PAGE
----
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Edelweiss Chemical Science Journal (ISSN 2641-7383)

Editorial :

Trade-Off in Fire-Retardant Solar Cell Materials and Environmental Issues

Takashiro Akitsu and Kenta Mizuno


In recent years, several types of solar cells, such as polycrystalline silicon, compound semiconductor and organic thin films [1], have been and grown and developed as one of the promising renewable energy devices for low cost and safety compared with nuclear power generation. They were composed from many components and their materials generally. As for Dye Sensitized Solar Cell (DSSC), which may be high efficiency and easy to assemble but not be expensive so much, not only inorganic titanium oxide and organic or metal complex dyes but also organic solvents as electrolyte. Furthermore, a condensing lens made of plastic are also used to improve power generating efficiency.

As grown solar cells, their risks to disturb extinguishing, for example, getting electric shocked for firefighters and outbreak of combustion gases, have appeared in case of fire, because a solar cell never stops power generation by receiving sunlight. Currently, a paint which interrupts light of the sun and improvement of the incombustibility of solar battery modules have been investigated energetically [2]. As for new strategy of flame retardant for DSSC, we have studied on Br-substituted metal complexes on the hypothesis that they can act for dual purposes, namely long-wavelength light absorbing DSSC dye and flame retardant without chain reactions as pure organic compounds [3].

Although brominated flame retardants are prevailing, environmental pollution is becoming serious. Bromine flame retardants have been used for a long time as they suppress the combustion reaction by the radical trapping effect. As a concrete example, there are cases around the Great Lakes [4].

PBB having a structure in which bromine is substituted for an aromatic ring was used as a brominated flame retardant. However, it is regulated by polluting the environment. Thereafter, new brominated flame retardants have been developed, but it has been repeated that it will be subject to regulation.

Solar cells to solve energy problems lead to danger during fire. The application of flame retardancy can cause new problems of environmental pollution. If you pursue economic efficiency and efficiency, the environment becomes obscure. Cost and efficiency are reduced if environmental consideration is required. If you pursue a newsletter like this, one is a trade-off relationship that cannot be reached. Scientists have a broad perspective when developing and it will be necessary to answer the demands from society with technology.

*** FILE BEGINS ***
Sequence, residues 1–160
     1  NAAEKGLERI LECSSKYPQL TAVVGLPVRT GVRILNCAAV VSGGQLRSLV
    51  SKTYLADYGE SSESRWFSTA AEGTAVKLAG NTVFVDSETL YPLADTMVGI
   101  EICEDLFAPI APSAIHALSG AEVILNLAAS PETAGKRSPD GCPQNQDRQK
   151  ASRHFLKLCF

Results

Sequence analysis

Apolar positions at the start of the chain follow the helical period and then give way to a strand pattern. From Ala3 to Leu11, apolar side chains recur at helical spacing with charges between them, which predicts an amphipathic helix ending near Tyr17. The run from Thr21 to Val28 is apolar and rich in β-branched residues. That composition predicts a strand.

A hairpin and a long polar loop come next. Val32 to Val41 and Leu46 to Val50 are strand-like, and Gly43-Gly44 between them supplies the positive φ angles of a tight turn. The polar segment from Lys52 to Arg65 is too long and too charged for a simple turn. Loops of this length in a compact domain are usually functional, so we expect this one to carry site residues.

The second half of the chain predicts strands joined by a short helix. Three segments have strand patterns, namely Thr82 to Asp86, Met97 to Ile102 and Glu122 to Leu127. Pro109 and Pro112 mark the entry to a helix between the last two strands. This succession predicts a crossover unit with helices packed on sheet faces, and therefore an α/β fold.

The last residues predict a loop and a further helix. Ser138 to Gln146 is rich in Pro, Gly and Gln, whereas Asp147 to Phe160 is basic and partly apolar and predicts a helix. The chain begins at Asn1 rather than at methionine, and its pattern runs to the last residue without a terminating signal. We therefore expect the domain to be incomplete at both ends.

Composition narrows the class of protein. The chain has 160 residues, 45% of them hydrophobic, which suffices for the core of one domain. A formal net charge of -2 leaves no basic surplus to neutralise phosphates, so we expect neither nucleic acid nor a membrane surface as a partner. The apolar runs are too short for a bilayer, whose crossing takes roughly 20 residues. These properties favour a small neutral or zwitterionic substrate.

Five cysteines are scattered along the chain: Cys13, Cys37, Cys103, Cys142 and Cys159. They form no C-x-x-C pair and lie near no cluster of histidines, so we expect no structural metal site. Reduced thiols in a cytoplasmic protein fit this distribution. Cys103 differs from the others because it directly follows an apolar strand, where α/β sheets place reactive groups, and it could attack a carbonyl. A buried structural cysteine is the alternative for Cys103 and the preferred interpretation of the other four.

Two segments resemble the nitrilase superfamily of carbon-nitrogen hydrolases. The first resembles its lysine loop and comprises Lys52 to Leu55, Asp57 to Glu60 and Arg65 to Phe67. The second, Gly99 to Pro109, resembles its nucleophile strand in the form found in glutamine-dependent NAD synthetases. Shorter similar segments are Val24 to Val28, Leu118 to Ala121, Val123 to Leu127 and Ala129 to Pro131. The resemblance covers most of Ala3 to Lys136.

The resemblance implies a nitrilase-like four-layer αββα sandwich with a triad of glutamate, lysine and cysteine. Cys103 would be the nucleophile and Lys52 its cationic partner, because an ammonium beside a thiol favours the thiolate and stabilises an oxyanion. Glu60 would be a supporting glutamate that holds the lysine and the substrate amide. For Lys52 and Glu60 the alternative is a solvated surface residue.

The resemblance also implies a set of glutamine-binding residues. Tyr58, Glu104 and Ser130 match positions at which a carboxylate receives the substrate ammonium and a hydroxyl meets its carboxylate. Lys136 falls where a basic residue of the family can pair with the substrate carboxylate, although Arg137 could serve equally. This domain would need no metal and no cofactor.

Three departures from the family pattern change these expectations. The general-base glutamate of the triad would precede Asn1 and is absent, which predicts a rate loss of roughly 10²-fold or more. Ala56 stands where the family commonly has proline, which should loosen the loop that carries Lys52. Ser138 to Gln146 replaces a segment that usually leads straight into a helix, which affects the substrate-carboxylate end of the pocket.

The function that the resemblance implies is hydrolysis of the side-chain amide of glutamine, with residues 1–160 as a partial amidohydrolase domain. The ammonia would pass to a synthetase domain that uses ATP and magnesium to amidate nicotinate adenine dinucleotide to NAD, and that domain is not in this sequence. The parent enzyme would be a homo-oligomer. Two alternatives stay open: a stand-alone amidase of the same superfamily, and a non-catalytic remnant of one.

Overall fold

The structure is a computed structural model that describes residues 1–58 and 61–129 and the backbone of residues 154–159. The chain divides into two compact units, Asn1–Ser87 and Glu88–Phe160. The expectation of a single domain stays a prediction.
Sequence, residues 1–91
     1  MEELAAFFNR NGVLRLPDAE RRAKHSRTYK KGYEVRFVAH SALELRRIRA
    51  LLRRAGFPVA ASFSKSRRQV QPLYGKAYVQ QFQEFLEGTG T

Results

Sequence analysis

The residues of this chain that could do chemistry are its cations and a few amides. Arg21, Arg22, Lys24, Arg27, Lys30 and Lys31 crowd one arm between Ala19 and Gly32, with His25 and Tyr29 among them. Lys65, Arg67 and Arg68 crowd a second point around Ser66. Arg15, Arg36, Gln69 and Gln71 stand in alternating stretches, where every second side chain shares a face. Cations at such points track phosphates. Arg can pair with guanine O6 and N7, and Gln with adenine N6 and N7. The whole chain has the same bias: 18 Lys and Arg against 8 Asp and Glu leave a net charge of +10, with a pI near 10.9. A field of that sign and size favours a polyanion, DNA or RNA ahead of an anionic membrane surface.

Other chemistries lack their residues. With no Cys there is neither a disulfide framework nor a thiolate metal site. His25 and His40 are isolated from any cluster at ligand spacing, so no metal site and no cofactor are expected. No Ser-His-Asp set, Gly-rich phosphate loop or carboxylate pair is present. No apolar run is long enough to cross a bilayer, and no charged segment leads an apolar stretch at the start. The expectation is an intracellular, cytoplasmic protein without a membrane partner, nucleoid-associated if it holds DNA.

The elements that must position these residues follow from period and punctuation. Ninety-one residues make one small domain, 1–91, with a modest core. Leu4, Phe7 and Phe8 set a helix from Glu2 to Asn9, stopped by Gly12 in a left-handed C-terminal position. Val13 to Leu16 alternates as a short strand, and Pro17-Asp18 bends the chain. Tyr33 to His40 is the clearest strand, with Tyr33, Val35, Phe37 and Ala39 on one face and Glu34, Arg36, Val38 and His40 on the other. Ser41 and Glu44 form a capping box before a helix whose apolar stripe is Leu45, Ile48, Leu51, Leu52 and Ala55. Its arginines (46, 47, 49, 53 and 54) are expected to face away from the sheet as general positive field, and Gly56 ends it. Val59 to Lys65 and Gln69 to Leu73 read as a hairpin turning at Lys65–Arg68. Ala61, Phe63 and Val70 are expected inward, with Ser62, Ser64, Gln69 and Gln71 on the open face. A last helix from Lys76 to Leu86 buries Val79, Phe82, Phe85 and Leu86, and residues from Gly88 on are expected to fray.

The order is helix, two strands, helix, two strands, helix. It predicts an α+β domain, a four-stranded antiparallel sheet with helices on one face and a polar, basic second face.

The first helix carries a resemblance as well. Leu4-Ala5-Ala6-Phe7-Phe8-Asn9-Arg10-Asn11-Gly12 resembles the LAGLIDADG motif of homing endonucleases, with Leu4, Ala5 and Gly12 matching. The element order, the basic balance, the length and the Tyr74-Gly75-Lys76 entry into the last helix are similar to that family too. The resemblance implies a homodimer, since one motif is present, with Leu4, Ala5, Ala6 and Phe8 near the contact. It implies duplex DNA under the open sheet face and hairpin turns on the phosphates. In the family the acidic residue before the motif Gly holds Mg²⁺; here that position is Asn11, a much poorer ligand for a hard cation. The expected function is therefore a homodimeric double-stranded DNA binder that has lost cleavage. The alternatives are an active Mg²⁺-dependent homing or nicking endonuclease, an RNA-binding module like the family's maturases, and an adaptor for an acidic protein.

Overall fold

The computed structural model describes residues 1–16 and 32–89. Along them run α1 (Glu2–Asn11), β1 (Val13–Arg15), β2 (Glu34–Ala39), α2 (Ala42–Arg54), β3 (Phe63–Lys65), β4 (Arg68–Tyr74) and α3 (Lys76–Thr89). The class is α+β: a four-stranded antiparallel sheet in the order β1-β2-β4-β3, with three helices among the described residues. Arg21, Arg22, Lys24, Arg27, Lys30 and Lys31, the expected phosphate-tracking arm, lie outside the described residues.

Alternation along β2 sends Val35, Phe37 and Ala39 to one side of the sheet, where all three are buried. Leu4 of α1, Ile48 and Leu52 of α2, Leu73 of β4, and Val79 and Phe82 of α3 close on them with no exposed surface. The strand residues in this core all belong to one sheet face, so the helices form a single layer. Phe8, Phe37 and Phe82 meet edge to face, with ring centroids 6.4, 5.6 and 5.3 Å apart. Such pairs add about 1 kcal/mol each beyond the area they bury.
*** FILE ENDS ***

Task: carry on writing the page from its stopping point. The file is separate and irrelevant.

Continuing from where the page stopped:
In consideration of the environment, there is a research example to obtain a heat stabilizer of a plastic (PVC) from amide regenerating waste plastics [5].


       1.        NEDO, Renewable energy white paper (2013) pp 7.

2.        Tamura H, Abe N and Matsushima S. Power generation characteristics of solar cell module in case of fire (2013) Kasai 63: 20-25.

3.        Takahashi K, Tanaka S, Yamaguchi M, Tsunoda Y, Akitsu T, et al. Dual purpose Br-containing Schiff base Cu(II) complexes for DSSC dyes and polymer flame retardants (2017) J Korean Chem Soc 61: 129-131.

4.        Marta V, Salamova A and Hites RA. Halogenated flame retardants in the Great Lakes environment (2015) Acc Chem Res 48: 1853-1861. https://doi.org/10.1021/acs.accounts.5b00180

5.        Teotia M, Verma A, Akitsu T, Tanaka S, Takahashi K, et al. TGA Decomposition and Flame Profile Measurement of Terephthalamide Stabilized PVC by Cone Calorimeter (2017) J Sci Ind Res 76: 438-441.

*Corresponding Author:

Takashiro Akitsu, Department of Chemistry, Faculty of Science, Tokyo University of Science, 1-3 Kagurazaka, Shinjuku-ku, Tokyo 162-8601, Japan, E-mail: aktisu@rs.kagu.tus.ac.jp


Akitsu T and Mizuno k. Trade-off in fire-retardant solar cell materials and environmental issues (2018) Edelweiss Chem Sci J 1: 1


Dye Sensitized Solar Cell, Polycrystalline silicon, Pollution, Solar cells


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